Fatigued by ongoing heat, and online idiocy
The heat barged in, the genuine article, and in the manner of a boorish house guest who was not invited, the heat has stayed on.
This summer has seemed to me especially oppressive because it arrived with all the subtlety of a John Bonham drum solo.
June was cool, but pleasantly so, with most afternoons ideal for pulling weeds or taking a nap in a lawn chair.
The temperature topped 80 on just two days that month. June concluded with a week of highs in the 60s and 70s.
July, by contrast, betrayed its nature immediately.
July 1 was the hottest day of the year — 89 degrees — but it retained the title about as long as Clubber Lang did in “Rocky III."
On July 2 the high was 95.
The month rarely relaxed its fevered grasp on us during the rest of its days.
The only interval that could fairly be described as relief happened late on the afternoon of the 23rd, when a cold front pushed inland from the Pacific, shaving 20 degrees in less than two hours.
The 24th felt autumnal, with a high of 72.
But three days later it was back to 96 and the heat had lost none of its potency during its brief absence.
July didn’t set any records, although its thermal prowess was noteworthy.
The average high was 89.8 degrees — 5 degrees above average, and the sixth-highest for July since World War II. (The holder of this dubious record, by the way, is July 1985, with an average high of 92.)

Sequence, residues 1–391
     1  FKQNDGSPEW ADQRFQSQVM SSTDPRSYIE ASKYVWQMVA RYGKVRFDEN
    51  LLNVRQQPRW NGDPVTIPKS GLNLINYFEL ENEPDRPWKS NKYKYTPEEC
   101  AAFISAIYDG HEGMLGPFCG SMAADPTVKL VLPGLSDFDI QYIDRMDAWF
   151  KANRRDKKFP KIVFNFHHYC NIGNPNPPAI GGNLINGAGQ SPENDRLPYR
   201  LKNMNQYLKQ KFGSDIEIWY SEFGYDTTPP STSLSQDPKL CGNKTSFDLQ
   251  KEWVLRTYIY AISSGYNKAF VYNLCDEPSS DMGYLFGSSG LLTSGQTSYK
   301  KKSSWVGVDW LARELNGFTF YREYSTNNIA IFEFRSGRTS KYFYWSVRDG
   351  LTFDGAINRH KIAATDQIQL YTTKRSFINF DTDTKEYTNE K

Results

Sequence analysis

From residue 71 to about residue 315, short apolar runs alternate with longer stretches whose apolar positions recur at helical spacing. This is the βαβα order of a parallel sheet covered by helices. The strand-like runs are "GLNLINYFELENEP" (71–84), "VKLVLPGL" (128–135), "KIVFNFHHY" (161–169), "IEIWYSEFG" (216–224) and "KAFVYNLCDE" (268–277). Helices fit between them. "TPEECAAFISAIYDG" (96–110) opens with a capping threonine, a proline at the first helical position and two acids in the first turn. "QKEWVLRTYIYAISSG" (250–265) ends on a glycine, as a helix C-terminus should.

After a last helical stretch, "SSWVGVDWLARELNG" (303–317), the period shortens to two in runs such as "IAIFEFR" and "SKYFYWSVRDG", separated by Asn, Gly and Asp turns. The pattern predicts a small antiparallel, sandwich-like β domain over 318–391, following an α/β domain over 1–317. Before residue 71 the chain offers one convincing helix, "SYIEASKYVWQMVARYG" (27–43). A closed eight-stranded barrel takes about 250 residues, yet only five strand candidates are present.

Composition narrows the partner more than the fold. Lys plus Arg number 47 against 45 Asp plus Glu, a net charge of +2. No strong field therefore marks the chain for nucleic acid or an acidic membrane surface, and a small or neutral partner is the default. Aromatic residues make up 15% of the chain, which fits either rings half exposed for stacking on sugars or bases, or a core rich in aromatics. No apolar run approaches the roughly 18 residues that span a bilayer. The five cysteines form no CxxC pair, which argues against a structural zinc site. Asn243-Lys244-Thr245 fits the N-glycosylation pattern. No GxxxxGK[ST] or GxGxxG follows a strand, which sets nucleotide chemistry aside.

The temperature got to at least 90 degrees on 17 of the 31 days — seven more days than average.
What distinguished July, though, it seems to me, is the consistency of its heat.
Even the “cool” days, except that anomaly of the 24th, weren’t truly cool except by purely mathematical comparison.
For the 14 days when the temperature didn’t get to 90, the average high was 86. The high on eight of those 14 days was either 88 or 89.
Only a thermometer can appreciate the difference between 89 and 93.
A brief heat wave, say three or four days’ duration, intrigues rather than offends me. These flirtations with the extreme ensure the weather never devolves into boredom.
But persistent, unvarying heat, like constant chill, becomes wearisome.
A week straight in the 90s saps my energy, leaves me languid and ineffectual. The daily routine seems more banal than usual, the same sullen dawn when the air feels somehow swollen with the day’s pending heat, the identical midday sweat that skims the skin on the neck between the driveway and the back door, the unfulfilled promise of a refreshing evening zephyr that feels like a dog’s breath rather than an ocean breeze.
Indoors the air conditioners and the fans run most of the day, a low but unrelenting rumble that is auditory torture, akin to being handcuffed to a chair and forced to listen to Phil Collins’ cover songs for 12 hours.
Yet the alternative — sweating in relative silence — is too awful to contemplate.
Imagine if you could simultaneously siphon the random, unfiltered and potentially drunken thoughts from a few hundred people you’ve never met, and examine these opinions at your leisure.